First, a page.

Curiously enough, his rules about retirement were as well-defined as his rules about research. After wrapping up his last experiment on the day that he was supposed to retire, Sanger did not again work in the lab and spent the rest of his life gardening. Diligently working at the bench every day of his career, winning two Nobel Prizes, revolutionizing molecular biology and genomics in the process and lovingly looking after his roses; for Fred Sanger it was all in a day’s work. It is now time for us to follow his example, to do more and to talk less.

Ashutosh Jogalekar About the Author: Ashutosh (Ash) Jogalekar is a chemist interested in the history and philosophy of science. He considers science to be a seamless and all-encompassing part of the human experience. Follow on Twitter @curiouswavefn.

The views expressed are those of the author and are not necessarily those of Scientific American.

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  1. 1. M Tucker 2:17 pm 11/20/2013

    Sanger was a titan of science. He was modest. He was a brilliant scientist and a wonderful human being but I think it best to not attempt to make him into some kind of saint. Because he decline a knighthood that means he “eschewed honors?” I think it just means he was not comfortable with that particular honor. Maybe he did not want to be called sir.

    He did allow an institute for gene research to be named after him. He was happy to personally preside over the opening of that institute. The Wellcome Trust Sanger Institute in Hinxton, England is a world leader in genetic research, was an important leader in the Human Genome Project and continues today with research into “the role of genetics in health and disease.”

    I think it a mistake to criticize the public for not knowing who Sanger is. How is the public to be informed? If science writers are more impressed with theoreticians than experimentalists can we really blame the public for their lack of knowledge. It would be nice to see an actual poll of the general public to see if they could even recognize Witten who was touted in a recent article as the greatest scientist ever.

    We DO need a special award along the lines of the Fundamental Physics Prize to recognize experimentalists. We do need more science writers bringing awareness to experimentalists and their work. The truth of their work and achievements enrich and advance science. Scientists like Sanger do not need artificial aggrandizement.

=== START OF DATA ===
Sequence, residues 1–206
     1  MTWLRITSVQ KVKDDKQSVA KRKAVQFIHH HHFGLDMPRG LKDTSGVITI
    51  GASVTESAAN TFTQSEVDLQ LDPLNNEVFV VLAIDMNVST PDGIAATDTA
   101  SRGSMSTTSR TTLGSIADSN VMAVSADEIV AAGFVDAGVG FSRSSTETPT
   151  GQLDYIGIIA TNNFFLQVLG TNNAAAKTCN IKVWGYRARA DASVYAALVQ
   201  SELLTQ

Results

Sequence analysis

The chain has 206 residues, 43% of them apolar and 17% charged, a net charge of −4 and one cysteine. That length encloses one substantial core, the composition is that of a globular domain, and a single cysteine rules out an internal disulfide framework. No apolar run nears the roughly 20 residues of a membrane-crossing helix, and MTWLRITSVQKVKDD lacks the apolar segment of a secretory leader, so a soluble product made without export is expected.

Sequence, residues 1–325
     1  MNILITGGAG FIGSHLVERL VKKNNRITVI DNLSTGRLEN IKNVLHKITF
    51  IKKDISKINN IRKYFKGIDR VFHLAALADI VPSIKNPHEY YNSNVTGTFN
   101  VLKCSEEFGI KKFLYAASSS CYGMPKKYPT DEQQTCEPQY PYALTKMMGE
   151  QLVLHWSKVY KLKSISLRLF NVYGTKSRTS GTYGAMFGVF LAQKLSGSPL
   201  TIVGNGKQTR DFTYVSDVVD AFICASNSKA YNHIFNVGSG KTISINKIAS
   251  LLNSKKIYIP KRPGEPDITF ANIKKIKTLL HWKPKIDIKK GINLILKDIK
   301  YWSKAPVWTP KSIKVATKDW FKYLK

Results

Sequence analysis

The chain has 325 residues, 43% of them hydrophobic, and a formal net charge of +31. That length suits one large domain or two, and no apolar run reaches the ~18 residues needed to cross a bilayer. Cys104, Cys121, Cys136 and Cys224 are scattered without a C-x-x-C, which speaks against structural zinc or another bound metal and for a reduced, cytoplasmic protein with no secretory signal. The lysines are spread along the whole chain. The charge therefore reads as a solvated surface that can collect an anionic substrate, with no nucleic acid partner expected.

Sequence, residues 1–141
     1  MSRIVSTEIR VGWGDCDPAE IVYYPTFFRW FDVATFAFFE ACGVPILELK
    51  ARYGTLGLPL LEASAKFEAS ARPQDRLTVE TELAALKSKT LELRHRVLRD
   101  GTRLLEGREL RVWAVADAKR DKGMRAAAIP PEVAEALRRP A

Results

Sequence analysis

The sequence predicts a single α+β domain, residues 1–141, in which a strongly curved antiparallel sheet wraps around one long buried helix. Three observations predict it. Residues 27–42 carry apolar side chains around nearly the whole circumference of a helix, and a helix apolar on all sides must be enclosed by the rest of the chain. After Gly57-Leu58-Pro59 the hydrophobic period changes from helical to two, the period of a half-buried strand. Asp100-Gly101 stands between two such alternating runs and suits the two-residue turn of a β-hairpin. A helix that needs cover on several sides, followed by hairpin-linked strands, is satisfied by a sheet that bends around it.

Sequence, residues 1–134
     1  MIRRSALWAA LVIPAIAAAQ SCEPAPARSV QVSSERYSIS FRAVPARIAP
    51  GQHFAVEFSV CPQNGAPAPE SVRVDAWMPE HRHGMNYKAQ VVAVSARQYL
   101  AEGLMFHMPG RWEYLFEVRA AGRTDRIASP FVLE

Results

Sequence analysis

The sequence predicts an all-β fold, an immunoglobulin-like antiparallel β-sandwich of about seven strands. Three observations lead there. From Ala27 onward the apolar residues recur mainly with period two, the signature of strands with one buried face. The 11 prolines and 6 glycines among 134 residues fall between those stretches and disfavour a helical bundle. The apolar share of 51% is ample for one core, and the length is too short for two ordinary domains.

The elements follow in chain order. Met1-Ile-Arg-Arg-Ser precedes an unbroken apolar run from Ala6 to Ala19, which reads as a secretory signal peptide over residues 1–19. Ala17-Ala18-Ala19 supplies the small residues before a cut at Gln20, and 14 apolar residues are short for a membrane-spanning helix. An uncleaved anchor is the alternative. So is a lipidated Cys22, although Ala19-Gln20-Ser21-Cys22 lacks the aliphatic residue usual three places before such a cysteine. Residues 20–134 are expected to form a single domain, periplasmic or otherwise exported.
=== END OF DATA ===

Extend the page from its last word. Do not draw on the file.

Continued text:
Awards and recognitions Sanger did not eschew:

    Fellow of the Royal Society – 1954
    Commander of the Order of the British Empire (King George V) – 1963
    Order of the Companions of Honour (founded by King George V) – 1981
    Order of Merit (Commonwealth, established by King Edward VII) – 1986
    Corresponding Fellow of the Australian Academy of Science – 1982
    William Bate Hardy Prize – 1976
    Nobel Prize in Chemistry – 1958, 1980
    Corday–Morgan Medal – 1951
    Royal Medal – 1969
    Gairdner Foundation International Award – 1971
    Copley Medal – 1977
    G.W. Wheland Award – 1978
    Louisa Gross Horwitz Prize of Columbia University – 1979
    Albert Lasker Award for Basic Medical Research – 1979
    Association of Biomolecular Resource Facilities Award – 1994

    Link to this
  2. 2. M Tucker 5:21 pm 11/20/2013

    Science needs talkers. Science needs showmen and show women.

    Just look at the Royal Institution. Founded in 1799 by a group of British scientists at the home of the then President of the Royal Society Joseph Banks. In 1801 Banks and a few others selected Humphrey Davy as a researcher and lecturer for the institution. Davy was a sensation as a lecturer and attracted a great deal of public attention. The lectures were open to the public. In 1812 Michael Faraday attended one of Davy’s lectures and soon Faraday was working with Davy. Eventually Faraday created two series of lectures for the Royal Institution. The highly formal one hour Friday Evening Discourses and the Christmas Lectures for young people. These are the lectures that continue to this day. Faraday was even more popular than Davy and, in his 73rd year, he was offered the Presidency of the Royal Institution. Faraday humbly declined explaining that he was not the master of the institution but its servant.

    Faraday, humble yet a vocal showman.

    Wouldn’t it be wonderful if the US had a tradition of scientific lectures like this?

    One of the founding members of the Royal Institution was an American but he was a loyalist so he had to leave the country of his birth and take up residence in England, Sir Benjamin Thompson, Count Rumford.

    Link to this